It's already begun: the panicking over cooking for Thanksgiving. If you’ve looked at a Jewish calendar this year or read the myriad articles about the coincidence of millennia, you know why the excitement over Thanksgiving is more extreme this year than others: It coincides with the second night of Hanukkah.
But there’s no need for concern about menu choices or competition between traditional foods for Thanksgiving and the dishes that have previously found their way onto our Hanukkah tables. It's not like hamantaschen have to fight for center stage with pumpkin pie! Standard Hanukkah foods like latkes and bread kugel will easily integrate into traditional Thanksgiving fare – and even more so if you understand the Jewish connection.
If we go back to the origins of Thanksgiving, we see that the Jewish festival of Sukkot was actually a prototype for Thanksgiving. The pilgrims were thankful for the bounty the Indians helped them grow and gather for sustenance, just as our Jewish ancestors gave thanks at the Temple for their successful harvest.
So what's the problem with this year’s menu? The answer: nothing at all! Pumpkins have always been a symbolic addition on Sephardic tables, as their golden color connoted prosperity and their round shape represented never-ending good. Any addition of citrus fruit to a Thanksgiving meal, as in my recipe for Apple Pear Cranberry Relish with Grand Marnier, connects us to the citrus growers in the Mediterranean, who were predominantly Jewish. Because the Sukkot symbol of etrogim were required to be perfect, without blemishes and with their pitim (nubby stamen) intact, merchants from Europe had to travel down to Corfu and Cyprus and southern Italy to purchase their perfect wares. While in the region, they were exposed to lemons and oranges – you know, just like today, when you go into a market, see some unusual produce, and the manager says, "Here, try it, I know you'll like it." That's exactly how Jewish merchants spread the love of oranges throughout Central and Northern Europe.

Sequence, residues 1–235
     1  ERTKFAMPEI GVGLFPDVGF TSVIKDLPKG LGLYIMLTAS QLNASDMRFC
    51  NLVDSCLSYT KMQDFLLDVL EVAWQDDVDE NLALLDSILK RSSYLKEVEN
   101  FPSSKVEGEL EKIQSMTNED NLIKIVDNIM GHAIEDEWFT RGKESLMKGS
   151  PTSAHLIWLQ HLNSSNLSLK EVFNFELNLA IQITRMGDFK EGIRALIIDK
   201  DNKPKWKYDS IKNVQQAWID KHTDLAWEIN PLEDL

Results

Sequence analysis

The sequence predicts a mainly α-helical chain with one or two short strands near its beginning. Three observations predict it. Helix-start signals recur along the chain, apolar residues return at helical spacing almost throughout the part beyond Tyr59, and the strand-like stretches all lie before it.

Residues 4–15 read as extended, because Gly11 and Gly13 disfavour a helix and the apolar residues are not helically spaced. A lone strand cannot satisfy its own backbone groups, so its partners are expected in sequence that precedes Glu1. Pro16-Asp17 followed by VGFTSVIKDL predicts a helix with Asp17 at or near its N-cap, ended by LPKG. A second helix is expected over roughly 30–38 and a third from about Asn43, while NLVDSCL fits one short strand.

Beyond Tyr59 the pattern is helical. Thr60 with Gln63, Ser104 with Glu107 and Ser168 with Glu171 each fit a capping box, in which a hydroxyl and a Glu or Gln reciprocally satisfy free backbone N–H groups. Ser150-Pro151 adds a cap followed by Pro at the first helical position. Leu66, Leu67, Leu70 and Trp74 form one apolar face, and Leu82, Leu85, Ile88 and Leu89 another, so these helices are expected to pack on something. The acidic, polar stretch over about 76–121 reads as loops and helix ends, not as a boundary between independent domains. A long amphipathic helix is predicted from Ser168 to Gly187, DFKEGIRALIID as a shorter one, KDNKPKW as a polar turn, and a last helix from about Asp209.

And how does the traditional bread stuffing? Well, the first form of kugel was actually a bread pudding that was put in a kugeltopf, a small round pot, and placed in the center of a slow-cooking casserole of stew called cholent served in Europe for Shabbat. So bread stuffing is actually quite Jewish!
As I see it, there are only two problems with menu-planning during this hybrid holiday, and neither is insurmountable. The first is determining how to make the standard, time-consuming Thanksgiving dinner while still finding time to make hot, crispy latkes. The second is figuring out how to incorporate Hanukkah recipes into the Thanksgiving meal and deciding which dishes to eliminate. The first question has an easy answer; the second is only difficult because no one wants to eliminate anything!
Thanksgiving dinner is so inextricably linked to memory that, similar to Passover, it can be difficult to change people's expectations about what will appear on the table. As an example, my sample menu contains an unbelievably delicious and easy sweet potato and pumpkin casserole – but if your family is expecting the sweet potato casserole with the marshmallows on top, don’t substitute one for the other! Consider making both instead of doubling or tripling your usual dish, so that your family can have the comfort of the tried-and-true items they love while still being exposed to a new recipe. Who knows: Perhaps the new recipe will become the new staple dish on your table next year!
Still need help planning your Thanksgivukkah menu? Look no further than this suggested menu!